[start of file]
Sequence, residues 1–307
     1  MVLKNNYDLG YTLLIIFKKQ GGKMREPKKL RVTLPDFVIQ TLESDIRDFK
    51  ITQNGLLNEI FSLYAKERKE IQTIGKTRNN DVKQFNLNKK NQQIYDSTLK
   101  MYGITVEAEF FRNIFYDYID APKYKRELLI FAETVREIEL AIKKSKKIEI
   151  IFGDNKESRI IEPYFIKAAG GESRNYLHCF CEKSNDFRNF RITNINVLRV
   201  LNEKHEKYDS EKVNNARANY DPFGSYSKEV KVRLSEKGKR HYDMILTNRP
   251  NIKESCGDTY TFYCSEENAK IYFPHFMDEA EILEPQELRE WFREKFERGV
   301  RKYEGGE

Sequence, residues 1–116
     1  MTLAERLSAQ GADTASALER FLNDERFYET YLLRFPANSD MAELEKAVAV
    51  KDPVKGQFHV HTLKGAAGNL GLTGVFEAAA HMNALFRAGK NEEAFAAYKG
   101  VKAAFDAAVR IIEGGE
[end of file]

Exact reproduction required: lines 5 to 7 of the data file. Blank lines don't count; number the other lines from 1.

   151  IFGDNKESRI IEPYFIKAAG GESRNYLHCF CEKSNDFRNF RITNINVLRV
   201  LNEKHEKYDS EKVNNARANY DPFGSYSKEV KVRLSEKGKR HYDMILTNRP
   251  NIKESCGDTY TFYCSEENAK IYFPHFMDEA EILEPQELRE WFREKFERGV